289127 The Globalization of Air Pollution: Implications for the Quality of the Air We Breathe, the Water We Drink, and the Food We Eat

Tuesday, October 30, 2012: 12:30 PM
406 (Convention Center )
Greg Carmichael, Chemical and Biochemical Engineering Department/ Center for Global and Regional Environmental Research, University of Iowa, Iowa City, IA

The quality of the air we breathe is impacted by both local as well as distant sources. The awareness of this fact is recent. We have appreciated for a long time that local pollution sources impact our air quality. With the emergence of the acid rain problem we came to appreciate that pollution does not obey national boarders, and that regional perspectives are needed to reduce the threats of air pollution. Only today are we beginning to recognize that the air we breathe is being impacted in important ways by what is being emitted in Asia and in Europe -- and that we impact their air quality.  We are also learning that air pollutants have a significant impact on the climate system. The particulate components of air pollution alter radiative forcing, dim the radiation reaching the surface and increase the solar heating of the atmosphere. Particulate pollution may mask as much as ~45% of the warming by greenhouse gases. These perturbations have given rise to major areas of concern, some of the most critical being the observed decrease in the Indian summer monsoon rainfall, the north-south shift in eastern China rainfall patterns, the accelerated retreat of glaciers and decrease in snow packs. These changes have important negative effects on water resources and crop yields, which are not yet fully understood.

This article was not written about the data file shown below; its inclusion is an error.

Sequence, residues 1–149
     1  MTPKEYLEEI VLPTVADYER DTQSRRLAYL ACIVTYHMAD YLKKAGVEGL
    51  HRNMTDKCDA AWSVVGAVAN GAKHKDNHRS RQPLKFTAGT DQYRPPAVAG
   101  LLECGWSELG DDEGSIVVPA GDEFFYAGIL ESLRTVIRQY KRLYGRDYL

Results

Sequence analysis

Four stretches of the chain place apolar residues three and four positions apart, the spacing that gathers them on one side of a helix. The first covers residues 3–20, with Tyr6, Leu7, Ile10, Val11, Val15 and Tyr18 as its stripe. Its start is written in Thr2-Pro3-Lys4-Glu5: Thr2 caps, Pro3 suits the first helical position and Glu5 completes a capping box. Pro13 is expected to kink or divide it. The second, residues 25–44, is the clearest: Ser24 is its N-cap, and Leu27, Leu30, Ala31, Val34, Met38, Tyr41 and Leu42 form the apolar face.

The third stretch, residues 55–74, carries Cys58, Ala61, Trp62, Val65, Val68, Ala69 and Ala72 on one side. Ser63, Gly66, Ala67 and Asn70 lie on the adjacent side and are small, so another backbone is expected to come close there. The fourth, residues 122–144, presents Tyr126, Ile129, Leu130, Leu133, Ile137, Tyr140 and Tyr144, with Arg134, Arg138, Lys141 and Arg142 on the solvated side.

Awareness of this globalization of pollution is important, as it suggests that efforts to reduce pollution levels at home are connected to what is happening to pollution levels throughout the hemisphere. With this perspective in mind, we look to the future and discuss the implications for pollution emissions, and the opportunities for win-win strategies built upon addressing air quality and climate change together.

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See more of this Session: Lawrence K. Cecil Award Lecture
See more of this Group/Topical: Environmental Division